Film Reviews

"The Fitzgerald Family Christmas" Review

If you knew you were dying, and it was Halloween, your first impulse might not be to gather your whole estranged family together for one last night of spooky, costumed tomfoolery. Christmas is this whole other deal. From Michael Keaton's dead dad in Jack Frost to Ed Asner's dying father in The Gathering, Christmas often brings out filmmakers' jolly yuletide spirit in the form of dead dads. But it's only in the midst of death that we truly appreciate what we have. Pancreatic cancer, for instance. The Fitzgerald Family Christmas, written and directed by Edward Burns, concerns the efforts of de facto patriarch Gerry Fitzgerald, played by Burns, to reunite his six siblings with Big Jim Fitzgerald (Ed Lauter), the dying father who ran out on them years before. His mother, Rosie (Anita Gillette), is adamantly opposed to allowing him into their lives; the family's two youngest siblings never really knew their father and deeply resent him. Everyone arrives in the midst of this particular family drama with their own mini-dramas, ranging from abusive husbands to inappropriately young girlfriends, into which Big Jim's return is singularly unwelcome. Gerry mediates between his sullen and angry relatives, negotiating peace and reluctantly urging them to meet their dad. Similarly, Burns's job as director is differentiating and spotlighting everyone in this large ensemble, a storytelling challenge to which he responds with a brisk pace and an eye for revealing moments. The film recalls his 1995 debut, The Brothers McMullen, grounded in Irish family traditions and comedic chemistry among performers.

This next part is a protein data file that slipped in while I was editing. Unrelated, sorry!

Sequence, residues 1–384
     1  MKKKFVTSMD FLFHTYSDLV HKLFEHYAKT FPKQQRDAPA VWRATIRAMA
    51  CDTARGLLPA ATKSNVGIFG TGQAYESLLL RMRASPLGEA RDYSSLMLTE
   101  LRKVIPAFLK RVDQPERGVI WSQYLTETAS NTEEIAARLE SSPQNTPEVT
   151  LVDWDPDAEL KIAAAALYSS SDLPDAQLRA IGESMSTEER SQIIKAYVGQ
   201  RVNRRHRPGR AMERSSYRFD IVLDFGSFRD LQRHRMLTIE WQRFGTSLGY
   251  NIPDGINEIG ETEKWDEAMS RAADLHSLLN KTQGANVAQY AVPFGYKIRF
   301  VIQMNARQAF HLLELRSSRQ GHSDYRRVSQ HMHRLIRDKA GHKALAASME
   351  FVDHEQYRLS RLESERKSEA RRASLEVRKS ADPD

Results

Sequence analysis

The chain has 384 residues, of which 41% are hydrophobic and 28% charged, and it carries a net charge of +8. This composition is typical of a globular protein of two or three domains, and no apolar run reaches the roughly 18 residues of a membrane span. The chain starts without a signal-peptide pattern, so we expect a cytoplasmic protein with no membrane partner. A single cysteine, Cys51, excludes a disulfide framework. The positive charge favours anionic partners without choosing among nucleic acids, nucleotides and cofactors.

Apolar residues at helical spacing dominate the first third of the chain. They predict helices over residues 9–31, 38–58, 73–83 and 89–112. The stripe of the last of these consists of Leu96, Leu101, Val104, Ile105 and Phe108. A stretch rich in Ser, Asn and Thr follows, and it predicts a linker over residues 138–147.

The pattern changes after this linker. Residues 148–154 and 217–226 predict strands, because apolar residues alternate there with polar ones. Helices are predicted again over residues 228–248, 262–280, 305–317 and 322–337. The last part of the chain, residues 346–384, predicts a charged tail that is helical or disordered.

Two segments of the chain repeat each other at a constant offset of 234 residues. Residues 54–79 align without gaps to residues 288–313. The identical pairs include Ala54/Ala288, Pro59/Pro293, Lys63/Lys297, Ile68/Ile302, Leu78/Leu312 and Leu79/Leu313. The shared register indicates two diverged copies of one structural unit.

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Chris Packham is a regular film contributor at Voice Media Group and its film partner, the Village Voice. VMG publications include LA Weekly, Denver Westword, Phoenix New Times, Miami New Times, Broward-Palm Beach New Times, Houston Press and Dallas Observer.